When BAE Systems announced last week that the berth cranes, used to load cargo onto ships, would be removed from the Govan shipyard in Scotland, it was clear that the omens were not good for the centuries-old shipbuilding industry in Scotland. One Govanite lamented in the local media: "That spells the end of it, doesn't it?"
Indeed it could be the end, as BAE Systems confirmed it was consulting with unions on 1,775 job cuts across three UK shipyards, including Portsmouth, Scotstoun and Govan. To much consternation, the company confirmed it will end shipbuilding in Portsmouth, the last facility in England that can build surface warships. The job losses are the result of the completion of work on the Royal Navy's new Queen Elizabeth-Class aircraft carriers and a lack of future orders for BAE Systems.
In response, the UK Ministry of Defence has announced that it will purchase three offshore patrol vessels from BAE Systems to bridge the gap between the aircraft carriers and the new Type 26 Global Combat Ship frigate. But jobs will still have to go.
Political consequences and Scottish indepedence
The timing of the job losses could not come at a worse time for the UK Government, which is ferociously campaigning to keep Scotland as part of the United Kingdom. Prime Minister David Cameron is acutely aware of the political consequences of job losses in Scotland with an independence referendum less than a year away.
"Shipbuilding in Glasgow has such a large political pull. If you look at what has been going on in the referendum campaign, the west of Scotland has been a little more sceptical of the SNP, a little more sceptical of the Yes campaign. It has more invested in Britain's military complex and if you see jobs going away in that area, it might weaken some of the more Unionist sympathies," Dr Phillips O'Brien, director of the Centre for War Studies at Glasgow University told the BBC.
BAE Systems announced today that following detailed discussions about how best to sustain long-term capability in delivering warships, they agreed Glasgow would be the most effective location for manufacturing new ships. Though some would say this is just a game of 'political football'.
The British Government's intervention in last month's union dispute at the Grangemouth chemical and refinery plant shows just how sensitive job losses are. When owners Ineos announced that it would axe 800 and close the refinery - a significant contributor to the local economy - there was a concerted effort on all sides to avert a local economic meltdown.
The Grangemouth intervention could give an insight into how the UK Government will respond to potential BAE Systems job cuts. In total, 3,200 people are employed at both Govan and Scotstoun sites and a further 1,200 are employed in shipbuilding in Portsmouth. So it's no surprise that Philip Hammond has spoken on the subject today in the House of Commons.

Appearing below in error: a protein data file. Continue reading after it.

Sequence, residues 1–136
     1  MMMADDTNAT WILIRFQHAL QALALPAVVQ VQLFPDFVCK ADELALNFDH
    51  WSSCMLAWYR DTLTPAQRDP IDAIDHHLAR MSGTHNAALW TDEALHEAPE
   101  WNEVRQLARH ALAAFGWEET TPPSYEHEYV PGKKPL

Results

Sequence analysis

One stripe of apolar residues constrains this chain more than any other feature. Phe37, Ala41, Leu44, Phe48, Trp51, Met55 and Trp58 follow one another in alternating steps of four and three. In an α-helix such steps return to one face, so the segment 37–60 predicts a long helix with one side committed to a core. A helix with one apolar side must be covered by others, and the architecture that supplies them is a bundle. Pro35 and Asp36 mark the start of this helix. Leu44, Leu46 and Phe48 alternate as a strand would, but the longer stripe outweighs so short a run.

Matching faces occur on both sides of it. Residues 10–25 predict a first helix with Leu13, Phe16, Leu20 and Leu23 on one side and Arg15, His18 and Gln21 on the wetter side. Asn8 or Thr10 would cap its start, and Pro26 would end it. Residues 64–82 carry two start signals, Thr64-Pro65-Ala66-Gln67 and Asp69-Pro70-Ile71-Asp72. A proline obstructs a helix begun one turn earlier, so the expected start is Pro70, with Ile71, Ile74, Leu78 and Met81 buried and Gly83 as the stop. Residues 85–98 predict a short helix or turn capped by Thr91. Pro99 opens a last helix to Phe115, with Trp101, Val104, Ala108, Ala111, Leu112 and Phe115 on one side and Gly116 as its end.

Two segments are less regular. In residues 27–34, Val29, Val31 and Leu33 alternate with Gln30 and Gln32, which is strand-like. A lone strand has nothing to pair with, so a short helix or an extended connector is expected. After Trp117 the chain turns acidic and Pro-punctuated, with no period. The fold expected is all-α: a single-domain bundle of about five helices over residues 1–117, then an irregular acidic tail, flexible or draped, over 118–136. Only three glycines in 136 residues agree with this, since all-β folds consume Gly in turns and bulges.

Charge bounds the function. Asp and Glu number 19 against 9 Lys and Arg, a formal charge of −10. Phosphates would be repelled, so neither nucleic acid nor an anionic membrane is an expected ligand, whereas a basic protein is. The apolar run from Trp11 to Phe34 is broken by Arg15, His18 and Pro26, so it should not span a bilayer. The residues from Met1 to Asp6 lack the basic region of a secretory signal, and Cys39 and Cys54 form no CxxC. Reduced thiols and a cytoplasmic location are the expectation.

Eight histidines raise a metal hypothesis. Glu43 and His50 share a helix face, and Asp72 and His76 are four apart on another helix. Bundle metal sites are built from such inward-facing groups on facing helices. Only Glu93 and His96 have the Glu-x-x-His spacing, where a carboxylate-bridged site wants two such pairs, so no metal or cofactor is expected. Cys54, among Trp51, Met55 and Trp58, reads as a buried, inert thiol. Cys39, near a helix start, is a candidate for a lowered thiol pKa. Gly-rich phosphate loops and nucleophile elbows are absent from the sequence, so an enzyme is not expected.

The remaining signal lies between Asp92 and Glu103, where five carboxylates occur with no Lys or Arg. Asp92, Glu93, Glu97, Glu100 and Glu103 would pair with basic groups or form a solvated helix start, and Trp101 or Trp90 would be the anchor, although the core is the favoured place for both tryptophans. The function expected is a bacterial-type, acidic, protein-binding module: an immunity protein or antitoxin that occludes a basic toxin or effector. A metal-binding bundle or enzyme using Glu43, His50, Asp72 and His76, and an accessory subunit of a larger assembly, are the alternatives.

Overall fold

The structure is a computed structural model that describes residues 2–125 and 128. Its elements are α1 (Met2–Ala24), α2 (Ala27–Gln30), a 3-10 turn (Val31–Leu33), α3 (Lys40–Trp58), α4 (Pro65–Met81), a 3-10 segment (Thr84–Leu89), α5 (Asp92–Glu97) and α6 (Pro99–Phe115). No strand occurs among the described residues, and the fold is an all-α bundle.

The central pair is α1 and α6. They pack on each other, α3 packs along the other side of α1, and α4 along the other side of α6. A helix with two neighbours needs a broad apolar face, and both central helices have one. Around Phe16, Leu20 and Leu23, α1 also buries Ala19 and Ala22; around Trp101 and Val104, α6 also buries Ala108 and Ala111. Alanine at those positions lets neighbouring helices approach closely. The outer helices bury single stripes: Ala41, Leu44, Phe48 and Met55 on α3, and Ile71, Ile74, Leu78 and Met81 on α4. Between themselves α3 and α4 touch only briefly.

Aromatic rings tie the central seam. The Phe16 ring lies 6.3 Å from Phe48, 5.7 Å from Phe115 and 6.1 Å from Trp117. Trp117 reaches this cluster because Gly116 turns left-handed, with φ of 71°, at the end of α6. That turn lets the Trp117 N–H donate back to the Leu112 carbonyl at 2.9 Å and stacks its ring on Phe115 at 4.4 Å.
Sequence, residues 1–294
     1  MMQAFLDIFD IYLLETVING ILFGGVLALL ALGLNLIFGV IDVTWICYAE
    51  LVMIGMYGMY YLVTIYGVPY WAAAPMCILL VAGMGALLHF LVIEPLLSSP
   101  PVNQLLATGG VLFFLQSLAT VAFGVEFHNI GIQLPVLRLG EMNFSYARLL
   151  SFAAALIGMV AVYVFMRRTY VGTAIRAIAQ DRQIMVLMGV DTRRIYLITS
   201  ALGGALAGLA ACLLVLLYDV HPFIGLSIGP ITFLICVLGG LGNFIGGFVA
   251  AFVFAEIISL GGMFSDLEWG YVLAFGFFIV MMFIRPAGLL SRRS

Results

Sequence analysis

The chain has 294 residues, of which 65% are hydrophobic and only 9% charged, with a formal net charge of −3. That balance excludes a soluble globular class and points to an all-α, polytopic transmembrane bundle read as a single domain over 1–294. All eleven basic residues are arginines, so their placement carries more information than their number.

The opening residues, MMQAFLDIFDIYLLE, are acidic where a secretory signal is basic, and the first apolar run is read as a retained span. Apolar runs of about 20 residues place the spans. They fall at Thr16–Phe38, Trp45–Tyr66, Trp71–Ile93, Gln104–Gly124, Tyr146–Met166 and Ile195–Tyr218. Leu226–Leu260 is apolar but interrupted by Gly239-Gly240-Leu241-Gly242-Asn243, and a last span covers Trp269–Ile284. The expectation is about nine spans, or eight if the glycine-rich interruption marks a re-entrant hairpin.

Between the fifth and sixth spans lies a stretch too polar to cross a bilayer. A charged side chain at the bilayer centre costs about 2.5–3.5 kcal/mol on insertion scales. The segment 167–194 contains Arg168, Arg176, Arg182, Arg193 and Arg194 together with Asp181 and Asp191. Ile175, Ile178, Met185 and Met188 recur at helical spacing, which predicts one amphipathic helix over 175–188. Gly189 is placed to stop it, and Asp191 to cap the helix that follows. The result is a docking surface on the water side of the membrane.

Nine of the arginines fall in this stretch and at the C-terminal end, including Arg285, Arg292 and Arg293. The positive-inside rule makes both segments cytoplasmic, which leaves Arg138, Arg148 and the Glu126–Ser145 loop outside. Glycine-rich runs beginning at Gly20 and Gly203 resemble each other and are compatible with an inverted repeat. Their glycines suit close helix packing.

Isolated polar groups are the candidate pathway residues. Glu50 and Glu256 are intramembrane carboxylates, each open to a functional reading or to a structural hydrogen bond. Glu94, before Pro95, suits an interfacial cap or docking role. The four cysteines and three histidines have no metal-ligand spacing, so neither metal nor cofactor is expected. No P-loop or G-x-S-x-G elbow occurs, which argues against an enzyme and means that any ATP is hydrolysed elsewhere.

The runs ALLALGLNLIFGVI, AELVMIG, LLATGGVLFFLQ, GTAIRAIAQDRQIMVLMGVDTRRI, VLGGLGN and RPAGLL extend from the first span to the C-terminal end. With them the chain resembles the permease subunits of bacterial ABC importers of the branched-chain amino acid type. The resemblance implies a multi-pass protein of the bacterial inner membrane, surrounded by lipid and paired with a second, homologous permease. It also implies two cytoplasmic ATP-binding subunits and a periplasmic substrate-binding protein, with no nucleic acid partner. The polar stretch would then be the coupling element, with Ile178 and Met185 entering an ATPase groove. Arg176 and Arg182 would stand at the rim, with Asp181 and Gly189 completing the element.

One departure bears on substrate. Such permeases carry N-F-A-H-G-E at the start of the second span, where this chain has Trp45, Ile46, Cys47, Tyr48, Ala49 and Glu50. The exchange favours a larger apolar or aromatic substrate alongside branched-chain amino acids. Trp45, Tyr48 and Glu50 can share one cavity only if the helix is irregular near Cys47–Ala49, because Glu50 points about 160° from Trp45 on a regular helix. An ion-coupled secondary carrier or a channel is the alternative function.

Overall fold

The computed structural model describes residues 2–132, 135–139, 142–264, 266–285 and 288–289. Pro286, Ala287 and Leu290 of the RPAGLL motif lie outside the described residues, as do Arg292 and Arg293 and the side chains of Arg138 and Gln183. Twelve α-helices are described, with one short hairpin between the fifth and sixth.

Still no contract announcement for Global Combat Ship
Hammond said the UK Government remains committed to the construction of the Global Combat Ship but "will not make the decision [to buy] until the design is more mature". This means the contract for 13 new Global Combat Ships, which was expected to be announced soon, has yet to be signed. The end of shipbuilding in Portsmouth shows that when a decision is made, it will not be enough to save the UK's present shipbuilding infrastructure.
More UK orders for the Type 26 or even Type 45 destroyer are a potential answer but, as we have seen in recent years, increased defence spending is hard to justify. With so many developing countries increasing their naval expenditure and capabilities, shouldn't the UK follow suit? The order for three OPVs could be too little, too late.
Export markets are also one area which BAE Systems are keen to exploit, with interest in the Type 26 frigate already being expressed by Brazil, Canada, Australia and New Zealand. But these orders are less than forthcoming, with Canada in particular backing away from the project.
The harsh reality, however, is that many countries like Brazil are keen to buy defence equipment from BAE Systems but do not want it built in the UK; instead, they want it to be build by Brazilians in a shipyard in Rio de Janeiro. This can be seen with Brazil's recent acquisition of BAE Systems' Offshore Patrol Vessels, three were built in Portsmouth and future orders will be built in Brazil. In this sense, job losses should not be all that surprising.
The decision to cut jobs will cause headaches for Scottish National Party leader Alex Salmond, who is fighting the cause for Scottish independence. Industrial areas around Glasgow, like Govan and Scotstoun, are meant be the engineering powerhouses for a future independent Scotland. This economic strategy will be obliterated overnight if potential closures and job losses were to take place.
It's not clear how an independent Scotland would be able to keep these shipyards open. Even more opaque is what would happen if the Type 26s were built in Glasgow, which seems most likely, and Scotland was independent. If Portsmouth was to close and Scotland gain independence, it would mean England's entire capacity to build complex warships would be in another country.
At present, the main reason the shipyards will remain open is because of the UK Government's ability to invest huge sums into the industry. An independent Scotland will not have anywhere near this type of economic power. So, job losses present huge challenges for all sides, political and industrial. Most importantly, the loss of jobs will be most felt in local communities, where the UK economic downturn has already had a devastating effect on families and individuals.
A large naval contingent at this year's Defence Security Equipment International proved to be one of the most popular attractions for visitors.
The Brazilian Navy has taken delivery of its third and final multimillion dollar Offshore Patrol Vessel from BAE Systems.